- The Washington Times - Thursday, March 15, 2001

Military progress sometimes means sacrifice

Robert Charles' March 13 Commentary column, "The Osprey and aviation history," provided the most eloquent argument yet for why the Marine Corps and the nation must remain committed to the technology represented by the MV-22.

Revolutionary technology challenges the human mind and spirit, and sometimes tragedy is unavoidable. But without men and women brave enough to accept those challenges, we never would progress.

PHILLIP THOMPSON

Senior fellow

The Lexington Institute

Arlington

McCain campaign-finance bill is assault on 'political marketplace'

Robert Charles' March 13 Commentary column, "The Osprey and aviation history," provided the most eloquent argument yet for why the Marine Corps and the nation must remain committed to the technology represented by the MV-22.

Revolutionary technology challenges the human mind and spirit, and sometimes tragedy is unavoidable. But without men and women brave enough to accept those challenges, we never would progress.

PHILLIP THOMPSON

Senior fellow

The Lexington Institute

Arlington

Long-term land plan takes no position on D.C. hospital, jail

Your March 1 article "Land plans omit hospital, jail in District" incorrectly implies that the National Capital Planning Commission's Extending the Legacy Plan proposes to eliminate D.C. General Hospital. The plan takes no position on the future of the hospital or the D.C. Jail. It is a broad vision plan that looks ahead 50 to 100 years; it is a flexible framework that can accommodate a variety of possibilities.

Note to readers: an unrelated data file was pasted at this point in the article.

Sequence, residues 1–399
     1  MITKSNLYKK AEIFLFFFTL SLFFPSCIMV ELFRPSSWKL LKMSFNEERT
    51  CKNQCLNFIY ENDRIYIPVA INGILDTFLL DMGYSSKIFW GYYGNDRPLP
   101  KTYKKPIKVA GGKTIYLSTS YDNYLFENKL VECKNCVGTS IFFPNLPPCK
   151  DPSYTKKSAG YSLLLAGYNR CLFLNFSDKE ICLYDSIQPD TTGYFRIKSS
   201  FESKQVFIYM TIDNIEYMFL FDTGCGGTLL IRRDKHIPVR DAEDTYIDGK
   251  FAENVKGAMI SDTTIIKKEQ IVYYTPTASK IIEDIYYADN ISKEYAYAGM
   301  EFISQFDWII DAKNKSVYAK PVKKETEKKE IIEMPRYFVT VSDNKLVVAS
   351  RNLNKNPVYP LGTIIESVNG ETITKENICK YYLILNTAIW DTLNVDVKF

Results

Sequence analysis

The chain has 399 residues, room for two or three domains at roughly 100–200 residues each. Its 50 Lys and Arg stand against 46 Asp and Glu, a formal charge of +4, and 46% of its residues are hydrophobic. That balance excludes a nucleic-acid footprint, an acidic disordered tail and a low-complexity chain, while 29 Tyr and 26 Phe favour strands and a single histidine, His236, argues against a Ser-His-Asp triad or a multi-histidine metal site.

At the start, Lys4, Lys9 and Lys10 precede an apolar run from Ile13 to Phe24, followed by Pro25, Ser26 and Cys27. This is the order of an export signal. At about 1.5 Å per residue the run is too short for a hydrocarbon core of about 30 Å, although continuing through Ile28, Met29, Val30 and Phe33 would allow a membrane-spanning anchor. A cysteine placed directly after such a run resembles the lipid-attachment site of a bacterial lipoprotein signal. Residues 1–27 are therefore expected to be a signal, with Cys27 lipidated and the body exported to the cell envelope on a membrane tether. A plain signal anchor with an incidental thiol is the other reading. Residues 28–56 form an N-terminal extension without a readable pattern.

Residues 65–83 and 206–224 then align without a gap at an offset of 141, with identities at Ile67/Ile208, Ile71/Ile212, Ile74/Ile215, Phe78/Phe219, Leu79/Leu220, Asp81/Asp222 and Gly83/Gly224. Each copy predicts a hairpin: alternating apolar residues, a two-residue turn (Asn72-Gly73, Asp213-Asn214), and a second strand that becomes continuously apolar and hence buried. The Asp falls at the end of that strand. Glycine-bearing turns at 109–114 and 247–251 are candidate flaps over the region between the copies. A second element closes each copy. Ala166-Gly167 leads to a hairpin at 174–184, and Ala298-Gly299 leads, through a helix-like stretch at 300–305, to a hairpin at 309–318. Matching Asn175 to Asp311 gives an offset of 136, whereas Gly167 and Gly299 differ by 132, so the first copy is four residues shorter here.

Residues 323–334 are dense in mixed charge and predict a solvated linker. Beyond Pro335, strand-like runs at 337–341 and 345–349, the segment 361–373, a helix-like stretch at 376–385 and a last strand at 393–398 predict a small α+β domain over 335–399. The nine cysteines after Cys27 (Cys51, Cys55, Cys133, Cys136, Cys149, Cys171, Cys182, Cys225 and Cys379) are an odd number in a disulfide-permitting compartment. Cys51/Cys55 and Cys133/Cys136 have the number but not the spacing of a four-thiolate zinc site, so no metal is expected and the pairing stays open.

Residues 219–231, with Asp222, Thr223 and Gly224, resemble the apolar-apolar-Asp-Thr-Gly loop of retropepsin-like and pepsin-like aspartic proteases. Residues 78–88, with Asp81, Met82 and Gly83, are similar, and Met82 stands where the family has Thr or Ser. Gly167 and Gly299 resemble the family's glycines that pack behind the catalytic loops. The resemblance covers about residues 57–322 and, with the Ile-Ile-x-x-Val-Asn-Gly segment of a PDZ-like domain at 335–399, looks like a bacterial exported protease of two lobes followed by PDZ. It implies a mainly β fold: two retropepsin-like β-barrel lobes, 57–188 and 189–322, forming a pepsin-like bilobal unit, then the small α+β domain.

The Legacy Plan was adopted in 1997 following extensive involvement with the public in all affected areas of the city and in close coordination with the District government under then-Mayor Marion Barry. In fact, we are partners in Mayor Anthony A.Williams' major planning effort, the Anacostia Waterfront Initiative, which will bring people together to develop a vision for the future of the waterfront. It is in the context of this kind of planning where proposals about institutions such as the hospital belong.

The future the Legacy Plan envisions for this area of the city is oriented toward the river and seeks to promote enjoyment of this valuable natural resource. The plan depicts possible commercial, residential and institutional development, and its proposals are designed to accommodate a wide range of uses according to the needs of present and future generations.

WILLIAM R. LAWSON

Acting executive director

National Capital Planning Commission

Washington

NATO inclusion of Baltic states could be pound of cure for Europe

The Feb. 2 report "Officials from 9 nations on Hill to lobby for NATO entry" lists reasons why several Central and Eastern European countries are eager to join NATO. However, it leaves out the most important reason, namely that those countries feel a great deal of urgency to be included in NATO. A look at the map shows why: The Baltic states on Russia's western border are vulnerable to Russian aggression and manipulation. It is not surprising that Russia has reacted vehemently against the prospect of NATO expansion to include Baltic states.